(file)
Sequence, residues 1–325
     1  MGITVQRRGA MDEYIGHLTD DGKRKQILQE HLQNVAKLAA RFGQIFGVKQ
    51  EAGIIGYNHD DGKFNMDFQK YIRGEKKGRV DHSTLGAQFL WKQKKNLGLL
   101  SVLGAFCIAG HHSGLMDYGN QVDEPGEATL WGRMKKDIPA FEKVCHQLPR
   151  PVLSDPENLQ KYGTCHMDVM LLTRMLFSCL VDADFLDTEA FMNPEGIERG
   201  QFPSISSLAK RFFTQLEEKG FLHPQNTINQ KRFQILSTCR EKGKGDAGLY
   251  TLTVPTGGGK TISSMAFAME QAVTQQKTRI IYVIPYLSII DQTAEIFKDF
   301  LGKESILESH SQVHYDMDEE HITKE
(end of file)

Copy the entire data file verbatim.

Sequence, residues 1–325
     1  MGITVQRRGA MDEYIGHLTD DGKRKQILQE HLQNVAKLAA RFGQIFGVKQ
    51  EAGIIGYNHD DGKFNMDFQK YIRGEKKGRV DHSTLGAQFL WKQKKNLGLL
   101  SVLGAFCIAG HHSGLMDYGN QVDEPGEATL WGRMKKDIPA FEKVCHQLPR
   151  PVLSDPENLQ KYGTCHMDVM LLTRMLFSCL VDADFLDTEA FMNPEGIERG
   201  QFPSISSLAK RFFTQLEEKG FLHPQNTINQ KRFQILSTCR EKGKGDAGLY
   251  TLTVPTGGGK TISSMAFAME QAVTQQKTRI IYVIPYLSII DQTAEIFKDF
   301  LGKESILESH SQVHYDMDEE HITKE